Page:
Data released by the Controller General of Accounts on Friday showed the Centre's fiscal deficit stood at Rs 4.57 lakh crore for the April-October period, against the Budget Estimate of Rs 5.43 lakh crore for the entire financial year.
For April-October 2012, the Centre's fiscal deficit stood at 71.6 per cent of BE. For 2012-13, BE of the deficit was 5.1 per cent of GDP. Due to a sharp 17 per cent cut in Plan expenditure, the government was able to restrict its fiscal deficit to 4.9 per cent of GDP last financial year.
For April-October this year, Plan expenditure was the primary factor behind the wide deficit. During this period, Plan expenditure stood at Rs 2.68 lakh crore, 48.3 per cent of the BE of Rs 5.55 lakh crore for 2013-14. For the year-ago period, Plan expenditure had accounted for 43.2 per cent of the 2012-13 BE.
Analysts said this time, too, the government would have to cut Plan expenditure significantly, though the coming elections and the slowing economy might act as a hurdle to this. "The fiscal deficit will widen to 5.2 per cent of GDP, unless the government cuts Plan expenditure heavily this time as well," said India Ratings Chief Economist Devendra Pant. However, an aggressive cut in Plan expenditure would have an adverse impact on the already slowing growth, he added.
Slow growth in the economy has led to a fall in tax revenues. The government mopped up Rs 3.56 lakh crore through taxes in April-October 2013, 40.3 per cent of the BE of Rs 8.84 lakh crore. For the year-ago period, collections had accounted for 43.6 per cent of the 2012-13 BE. Last financial year, tax collections fell short of BE by about Rs 30,000 crore.
Disinvestment, too, hasn't provided much to the government; it garnered only Rs 1,577 crore under this head, largely due to meeting the Securities and Exchange Board of India's norm of at least 10 per cent public float.
This financial year, the Centre had aimed to mop up Rs 40,000 crore through disinvestment and Rs 18,000 crore by selling stakes of SUUTI in non-government companies such as L&T, ITC and Axis Bank.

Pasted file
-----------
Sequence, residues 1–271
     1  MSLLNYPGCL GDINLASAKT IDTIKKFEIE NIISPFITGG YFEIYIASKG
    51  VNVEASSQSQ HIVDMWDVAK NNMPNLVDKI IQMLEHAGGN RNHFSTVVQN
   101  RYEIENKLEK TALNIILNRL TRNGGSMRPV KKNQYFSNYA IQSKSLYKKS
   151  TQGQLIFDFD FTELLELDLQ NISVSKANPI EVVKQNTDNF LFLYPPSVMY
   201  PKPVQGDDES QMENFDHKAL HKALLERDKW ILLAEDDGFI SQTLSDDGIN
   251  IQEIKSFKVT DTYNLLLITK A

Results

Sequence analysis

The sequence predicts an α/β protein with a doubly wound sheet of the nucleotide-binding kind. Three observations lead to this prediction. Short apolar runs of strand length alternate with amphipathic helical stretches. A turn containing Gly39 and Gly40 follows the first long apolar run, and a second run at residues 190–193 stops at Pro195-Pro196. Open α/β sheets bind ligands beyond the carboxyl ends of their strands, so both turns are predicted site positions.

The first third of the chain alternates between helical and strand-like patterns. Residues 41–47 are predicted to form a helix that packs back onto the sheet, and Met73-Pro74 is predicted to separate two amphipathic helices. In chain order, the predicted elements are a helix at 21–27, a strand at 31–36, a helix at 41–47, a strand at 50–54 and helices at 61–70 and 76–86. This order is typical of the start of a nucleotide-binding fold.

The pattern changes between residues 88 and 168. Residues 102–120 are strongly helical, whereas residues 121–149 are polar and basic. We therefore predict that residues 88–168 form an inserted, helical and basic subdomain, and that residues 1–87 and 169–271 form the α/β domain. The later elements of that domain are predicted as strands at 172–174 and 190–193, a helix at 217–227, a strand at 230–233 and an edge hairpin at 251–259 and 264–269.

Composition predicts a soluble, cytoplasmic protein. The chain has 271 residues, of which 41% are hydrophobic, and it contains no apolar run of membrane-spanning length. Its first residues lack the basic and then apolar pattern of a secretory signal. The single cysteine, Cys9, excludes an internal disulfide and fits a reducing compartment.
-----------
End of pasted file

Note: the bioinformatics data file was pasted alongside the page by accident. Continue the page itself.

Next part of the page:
The government has lined up six companies for disinvestment, including Indian Oil Corporation, Power Grid Corporation, Hindustan Aeronautics, Coal India Ltd and Engineers India Ltd. However, officials admit meeting the disinvestment target of Rs 40,000 crore would be difficult.
Overall, non-debt capital receipts, under which disinvestment proceeds fall, provided the government Rs 8,082 crore during April-October this year, 12.2 per cent of the BE of Rs 66,468 crore. For the year-ago period, the government had garnered 17.4 per cent of the 2012-13 BE through this mode.
In April-October, the Centre collected non-tax revenue of Rs 99,515 crore, 57.8 per cent of BE, against just 42.8 per cent of BE in the year-ago period.
The Centre is planning to ask public sector enterprises to give it dividend of about Rs 30,000 crore, as estimated in the Budget. For this, central government will meet the heads of public sector undertakings in January. Besides, Rs 43,996 crore is estimated to come from public sector banks and the transfer of surplus money by the Reserve Bank of India.
For the April-October 2013 period, the Centre's revenue deficit, or the gap between current expenditure and current receipts, stood at Rs 3.5 lakh crore, 92.9 per cent of the BE of Rs 3.79 lakh crore. For the year-ago period, it stood at 81.4 per cent of BE.